By Major Matt Cavanaugh
I received a few responses to the post I wrote about maximizing our “nano cognitive surplus” (AKA doodling time during long-winded briefings). I proposed answering the question “Why war?” using only six words…here are a couple of the best responses:
*From Major Drew Betson:
“Values, Interests, Strategic Position Threatened? War.”
*Another came via email from First Lieutenant Sarah Grant – it was so good that I asked her permission to post in it’s entirety – which is what follows:
A slight departure from thinking about the causes for which we go to war, to the mental/emotional tipping point that makes war palatable. Hopefully it still fits in the context of the thought experiment you proposed.
In response to the challenge of answering “Why war?” in six words, I propose the following, taken from the cheer originated by my alma mater and recently made famous by fans of the U.S. World Cup team: “I believe that we will win.”
What ultimately enables us psychologically to commit to war is a resolute belief that victory and the achievement of our goals is, somehow, a sure thing. Feasibility of success is a consideration in most “road to war” paradigms, from Just War Theory to the Powell Doctrine, but we don’t go to war when victory is only possible. The risks and costs of war are so severe that we only proceed with violence when we feel certain of eventual success. An absolute sense of self-assuredness is, in that sense, the tipping point between everything-other-than-war and war.
For example (acknowledging the inherently reductive nature of such comparisons), we need only to look at the extreme difference between how we responded to a hostile, ruthless dictator in Iraq in 2003, and how we responded to a hostile, ruthless dictator in neighboring Syria in 2011. Similar conditions for necessity, legitimacy, proportionality, etc. existed in both cases, but what made us hold back in the case of Syria was a nagging feeling, the residue of Iraq, that this was a no-win situation. If you’ll recall, prior to the invasion of Iraq, such doubts did not exist. Senator John McCain, circa 2002: “I believe that the success will be fairly easy. We will win this conflict. We will win it easily.”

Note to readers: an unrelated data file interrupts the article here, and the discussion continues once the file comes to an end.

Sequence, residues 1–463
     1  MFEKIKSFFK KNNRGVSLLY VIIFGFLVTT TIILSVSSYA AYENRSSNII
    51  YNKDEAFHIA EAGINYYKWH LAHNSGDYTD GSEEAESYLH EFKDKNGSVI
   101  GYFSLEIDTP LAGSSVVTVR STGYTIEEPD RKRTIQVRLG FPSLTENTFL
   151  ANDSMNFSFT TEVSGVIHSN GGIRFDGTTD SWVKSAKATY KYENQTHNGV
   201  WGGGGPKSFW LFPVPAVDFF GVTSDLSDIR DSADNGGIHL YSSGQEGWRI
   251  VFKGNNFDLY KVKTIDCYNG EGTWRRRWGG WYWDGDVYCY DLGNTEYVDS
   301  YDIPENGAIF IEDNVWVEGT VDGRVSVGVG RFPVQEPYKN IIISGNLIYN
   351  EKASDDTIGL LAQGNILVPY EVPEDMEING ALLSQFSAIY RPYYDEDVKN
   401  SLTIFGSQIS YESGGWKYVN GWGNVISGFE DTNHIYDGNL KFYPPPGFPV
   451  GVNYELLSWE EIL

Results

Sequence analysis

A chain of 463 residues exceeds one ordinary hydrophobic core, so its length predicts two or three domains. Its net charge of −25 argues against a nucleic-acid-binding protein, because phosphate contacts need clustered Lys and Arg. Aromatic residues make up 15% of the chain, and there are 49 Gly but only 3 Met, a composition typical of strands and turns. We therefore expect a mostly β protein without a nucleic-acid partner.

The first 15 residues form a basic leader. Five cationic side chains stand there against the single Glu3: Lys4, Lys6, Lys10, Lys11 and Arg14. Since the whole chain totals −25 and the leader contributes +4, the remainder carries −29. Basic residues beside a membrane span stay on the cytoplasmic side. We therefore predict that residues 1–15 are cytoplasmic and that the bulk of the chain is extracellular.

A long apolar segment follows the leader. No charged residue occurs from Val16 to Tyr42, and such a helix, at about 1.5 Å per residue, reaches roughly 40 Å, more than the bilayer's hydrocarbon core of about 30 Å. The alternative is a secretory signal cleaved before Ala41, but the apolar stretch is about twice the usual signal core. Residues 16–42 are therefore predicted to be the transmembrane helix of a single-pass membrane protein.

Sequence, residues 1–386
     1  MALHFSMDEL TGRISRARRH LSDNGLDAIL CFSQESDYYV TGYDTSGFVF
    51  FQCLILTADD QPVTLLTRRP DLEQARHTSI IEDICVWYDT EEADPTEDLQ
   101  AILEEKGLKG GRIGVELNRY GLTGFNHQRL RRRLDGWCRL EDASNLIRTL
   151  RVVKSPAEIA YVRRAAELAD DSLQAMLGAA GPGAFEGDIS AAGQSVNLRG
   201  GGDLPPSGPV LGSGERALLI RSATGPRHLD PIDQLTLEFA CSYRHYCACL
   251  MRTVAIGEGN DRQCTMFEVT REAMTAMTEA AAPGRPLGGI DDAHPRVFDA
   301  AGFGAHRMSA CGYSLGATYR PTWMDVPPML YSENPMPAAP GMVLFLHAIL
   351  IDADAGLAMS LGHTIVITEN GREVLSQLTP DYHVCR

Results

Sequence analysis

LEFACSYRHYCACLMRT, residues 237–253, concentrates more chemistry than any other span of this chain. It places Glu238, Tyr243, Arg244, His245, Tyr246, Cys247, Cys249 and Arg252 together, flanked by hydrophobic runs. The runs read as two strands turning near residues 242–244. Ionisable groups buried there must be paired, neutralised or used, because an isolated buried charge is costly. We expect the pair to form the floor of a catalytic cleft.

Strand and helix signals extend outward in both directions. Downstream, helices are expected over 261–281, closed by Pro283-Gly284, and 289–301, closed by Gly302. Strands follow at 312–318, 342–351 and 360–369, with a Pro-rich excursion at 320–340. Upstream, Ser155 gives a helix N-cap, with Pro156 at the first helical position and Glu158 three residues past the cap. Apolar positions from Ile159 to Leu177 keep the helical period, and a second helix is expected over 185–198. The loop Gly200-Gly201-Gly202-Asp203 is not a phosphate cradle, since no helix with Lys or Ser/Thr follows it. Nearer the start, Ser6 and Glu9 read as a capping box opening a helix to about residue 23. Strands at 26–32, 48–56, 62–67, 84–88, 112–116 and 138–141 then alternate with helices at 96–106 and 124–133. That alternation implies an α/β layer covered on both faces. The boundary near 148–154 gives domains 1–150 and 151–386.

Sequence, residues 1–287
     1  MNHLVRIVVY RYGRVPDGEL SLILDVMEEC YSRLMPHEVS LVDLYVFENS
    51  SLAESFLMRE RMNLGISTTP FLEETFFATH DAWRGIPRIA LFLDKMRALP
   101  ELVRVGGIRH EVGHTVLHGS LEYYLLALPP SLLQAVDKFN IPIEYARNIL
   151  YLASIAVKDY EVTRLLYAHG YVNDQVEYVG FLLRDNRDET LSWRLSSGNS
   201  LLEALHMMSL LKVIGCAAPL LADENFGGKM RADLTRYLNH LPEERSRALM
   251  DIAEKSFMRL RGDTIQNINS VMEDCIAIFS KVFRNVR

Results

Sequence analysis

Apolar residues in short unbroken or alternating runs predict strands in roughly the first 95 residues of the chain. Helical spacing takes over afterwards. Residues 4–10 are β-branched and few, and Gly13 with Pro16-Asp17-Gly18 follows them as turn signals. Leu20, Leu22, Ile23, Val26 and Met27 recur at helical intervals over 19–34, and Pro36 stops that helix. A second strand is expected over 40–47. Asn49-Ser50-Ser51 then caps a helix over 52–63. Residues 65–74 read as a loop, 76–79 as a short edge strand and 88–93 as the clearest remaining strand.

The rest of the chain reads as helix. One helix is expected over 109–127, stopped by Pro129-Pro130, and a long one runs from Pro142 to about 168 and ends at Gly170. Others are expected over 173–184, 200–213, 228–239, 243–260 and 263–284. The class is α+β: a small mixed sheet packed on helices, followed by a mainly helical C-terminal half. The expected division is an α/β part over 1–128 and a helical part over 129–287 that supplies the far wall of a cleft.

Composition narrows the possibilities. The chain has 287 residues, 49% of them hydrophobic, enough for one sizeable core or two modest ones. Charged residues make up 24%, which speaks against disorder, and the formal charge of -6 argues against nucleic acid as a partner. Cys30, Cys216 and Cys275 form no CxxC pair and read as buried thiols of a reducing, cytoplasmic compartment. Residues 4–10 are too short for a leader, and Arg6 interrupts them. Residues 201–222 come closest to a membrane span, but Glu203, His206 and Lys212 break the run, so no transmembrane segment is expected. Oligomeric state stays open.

Sober people with an average sense of self-preservation don’t start bar fights they don’t think they’ll win. The same is true for nations. When we’re not sure where we stand relative to our opponents, or when we don’t know what victory looks like or how we can achieve it, we don’t risk everything. Even in the face of moral imperatives and seeming necessity, we stick to other levers of national influence until we perceive that the cards are stacked in our favor. To put it in Marine Corps doctrinal speak, we continuously maneuver on the enemy to develop the situation and accumulate advantage. Only at the decisive moment, as determined by keen military judgment, do we commit ourselves fully to achieve a final reckoning.
The nasty truth is that victory is never certain. To quote General Mattis: “No war is ever over until the enemy says it’s over. We may think it over, we may declare it over, but in fact, the enemy gets a vote.” At a rational level, we all know that. But decisions of war and peace are not ultimately rational ones. We are willing to fight, die, and kill only for causes in which we deeply believe, to defend values we believe to be right and true. Emotion, not rationality, drives us.
But even deeply rooted belief in the need to win is not enough to make us go to war or keep us at war. Look at Vietnam. We did not pull out of Vietnam because Communism suddenly started to seem less threatening; we withdrew because we lost faith in our ability to achieve victory, however defined.
We become willing to commit to war when our core values and way of life are endangered and we have exhausted all other means of eliminating the threat. In the end, though, what carries us across that line from peace to war is a familiar drumbeat: “I believe that we will win.”
Sarah E. Grant